Shelby County Schools

Shelby County Schools board will examine its contracting with woman- and minority-owned businesses

Board member Chris Caldwell has led the charge to sue the state for not fully funding the BEP formula.

Shelby County’s school board has created a subcommittee to investigate how many of the district’s contracts are with minority- and woman-owned businesses.

The district currently does not have a way to ascertain which contracts are with minority- and woman-owned businesses, according to spokesman Christian Ross.

The issue of whether government contracts are going to such businesses has been raised in other local government agencies in recent months. The Commercial Appeal reported in May that the Shelby County Commission, like the school district, has not taken stock of how many contracts go to black-, Hispanic-, -and woman-owned businesses in years—and when it did, the portion was very small, despite the fact that Shelby County is majority African-American. The Shelby County Commission is now considering a study into disparities in how contracts are awarded.

At Tuesday’s board work session, board member Shante Avant gave an update on a new board subcommittee’s work on the issue. “There’s been a lot of public domain conversation about making sure we have minority and local businesses receiving contracts with large entities such as our district, the city, and the county,” she said. “We’re happy to move forward and set goals to promote minority- and woman-owned businesses.” She said the work was in the early stages.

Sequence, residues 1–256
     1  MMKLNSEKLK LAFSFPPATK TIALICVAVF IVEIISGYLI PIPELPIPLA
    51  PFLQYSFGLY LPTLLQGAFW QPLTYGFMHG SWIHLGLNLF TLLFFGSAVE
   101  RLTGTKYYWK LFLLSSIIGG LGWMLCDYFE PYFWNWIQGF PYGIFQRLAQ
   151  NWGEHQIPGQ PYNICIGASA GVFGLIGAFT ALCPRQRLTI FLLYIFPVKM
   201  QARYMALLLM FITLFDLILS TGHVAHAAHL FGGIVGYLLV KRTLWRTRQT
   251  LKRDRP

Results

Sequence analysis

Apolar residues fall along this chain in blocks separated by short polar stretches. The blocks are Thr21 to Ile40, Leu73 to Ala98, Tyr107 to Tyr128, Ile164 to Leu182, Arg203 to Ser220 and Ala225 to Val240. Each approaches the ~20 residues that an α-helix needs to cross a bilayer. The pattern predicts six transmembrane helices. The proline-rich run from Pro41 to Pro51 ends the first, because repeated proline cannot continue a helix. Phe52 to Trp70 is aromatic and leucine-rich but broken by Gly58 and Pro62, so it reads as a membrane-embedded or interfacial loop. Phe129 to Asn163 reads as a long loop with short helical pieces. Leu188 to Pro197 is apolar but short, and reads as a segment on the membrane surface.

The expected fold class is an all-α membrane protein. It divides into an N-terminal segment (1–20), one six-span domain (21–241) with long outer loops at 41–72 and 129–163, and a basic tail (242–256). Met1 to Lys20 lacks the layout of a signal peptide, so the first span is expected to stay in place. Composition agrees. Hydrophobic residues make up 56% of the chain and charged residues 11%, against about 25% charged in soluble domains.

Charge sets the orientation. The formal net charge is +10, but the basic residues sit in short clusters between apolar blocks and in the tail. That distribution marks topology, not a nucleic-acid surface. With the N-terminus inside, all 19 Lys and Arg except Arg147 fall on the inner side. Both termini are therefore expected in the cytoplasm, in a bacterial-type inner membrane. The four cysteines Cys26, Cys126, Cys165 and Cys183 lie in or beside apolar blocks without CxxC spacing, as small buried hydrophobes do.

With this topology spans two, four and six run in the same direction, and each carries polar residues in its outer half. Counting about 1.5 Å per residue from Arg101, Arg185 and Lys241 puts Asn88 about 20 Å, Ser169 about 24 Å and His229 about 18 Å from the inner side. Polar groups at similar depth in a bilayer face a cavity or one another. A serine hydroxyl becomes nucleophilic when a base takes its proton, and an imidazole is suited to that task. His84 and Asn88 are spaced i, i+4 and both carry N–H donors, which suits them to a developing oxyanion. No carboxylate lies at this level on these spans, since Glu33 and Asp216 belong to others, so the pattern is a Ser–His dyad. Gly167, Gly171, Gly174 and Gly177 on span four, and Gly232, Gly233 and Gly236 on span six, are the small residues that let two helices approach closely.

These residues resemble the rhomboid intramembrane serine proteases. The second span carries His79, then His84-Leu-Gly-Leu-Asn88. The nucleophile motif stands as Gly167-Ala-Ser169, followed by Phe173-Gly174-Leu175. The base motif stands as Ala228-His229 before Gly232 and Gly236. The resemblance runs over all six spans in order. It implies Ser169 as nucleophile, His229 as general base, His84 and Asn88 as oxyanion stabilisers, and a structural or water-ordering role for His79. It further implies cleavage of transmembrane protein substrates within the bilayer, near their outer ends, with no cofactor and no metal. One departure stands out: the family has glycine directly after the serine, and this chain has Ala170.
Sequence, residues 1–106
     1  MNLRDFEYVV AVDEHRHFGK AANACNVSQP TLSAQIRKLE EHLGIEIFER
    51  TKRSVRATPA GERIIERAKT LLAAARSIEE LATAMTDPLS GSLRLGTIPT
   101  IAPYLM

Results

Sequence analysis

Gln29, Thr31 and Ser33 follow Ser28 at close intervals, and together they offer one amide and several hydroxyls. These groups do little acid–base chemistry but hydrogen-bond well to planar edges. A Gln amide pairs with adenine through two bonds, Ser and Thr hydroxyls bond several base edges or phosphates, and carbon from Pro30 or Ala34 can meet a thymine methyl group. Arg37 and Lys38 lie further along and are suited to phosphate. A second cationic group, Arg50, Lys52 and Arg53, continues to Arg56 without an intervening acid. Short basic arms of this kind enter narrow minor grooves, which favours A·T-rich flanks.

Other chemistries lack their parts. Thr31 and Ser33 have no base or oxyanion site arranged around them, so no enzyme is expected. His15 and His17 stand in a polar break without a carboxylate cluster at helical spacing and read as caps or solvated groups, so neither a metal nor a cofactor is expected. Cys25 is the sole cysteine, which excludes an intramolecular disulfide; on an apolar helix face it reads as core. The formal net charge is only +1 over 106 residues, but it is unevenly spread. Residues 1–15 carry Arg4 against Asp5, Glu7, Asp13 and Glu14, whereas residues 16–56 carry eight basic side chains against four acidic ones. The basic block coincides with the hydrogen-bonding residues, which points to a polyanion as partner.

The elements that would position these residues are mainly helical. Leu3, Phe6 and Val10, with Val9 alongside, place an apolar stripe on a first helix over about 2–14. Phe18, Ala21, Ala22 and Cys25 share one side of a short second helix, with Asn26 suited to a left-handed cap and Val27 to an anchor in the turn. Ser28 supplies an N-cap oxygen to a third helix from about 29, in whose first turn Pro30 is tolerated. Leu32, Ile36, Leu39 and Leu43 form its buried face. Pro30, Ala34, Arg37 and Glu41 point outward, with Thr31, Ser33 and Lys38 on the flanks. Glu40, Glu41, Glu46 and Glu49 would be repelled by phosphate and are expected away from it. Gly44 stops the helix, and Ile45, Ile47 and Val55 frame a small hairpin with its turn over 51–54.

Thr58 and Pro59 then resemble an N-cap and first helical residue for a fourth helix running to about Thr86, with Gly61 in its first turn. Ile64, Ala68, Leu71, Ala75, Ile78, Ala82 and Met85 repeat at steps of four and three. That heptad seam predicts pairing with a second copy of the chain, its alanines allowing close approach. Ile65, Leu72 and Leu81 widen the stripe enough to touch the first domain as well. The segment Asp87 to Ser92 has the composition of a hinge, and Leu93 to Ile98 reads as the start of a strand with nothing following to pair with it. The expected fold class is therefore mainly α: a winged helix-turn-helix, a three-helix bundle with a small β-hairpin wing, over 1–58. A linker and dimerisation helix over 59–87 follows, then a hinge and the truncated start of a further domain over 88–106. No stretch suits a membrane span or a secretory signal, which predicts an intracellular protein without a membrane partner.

Earlier in the meeting, discussions about which architects would be used for new district building projects and which nursing service the district would contract with both touched on the question of whether businesses were owned by local minorities and women.

In the case of the nursing contract, one of the vendors qualified as being minority- or woman-owned while the other two did not.

In the case of the architects, board member Teresa Jones said that district officials had realized that the list of contractors who work with Shelby County Schools has not been updated for several years. She encouraged the district to create an updated list, and when a district official said the list would be updated after several projects were completed, she asked for a sense of urgency.

Superintendent Hopson said that the district would create a new list “ASAP.”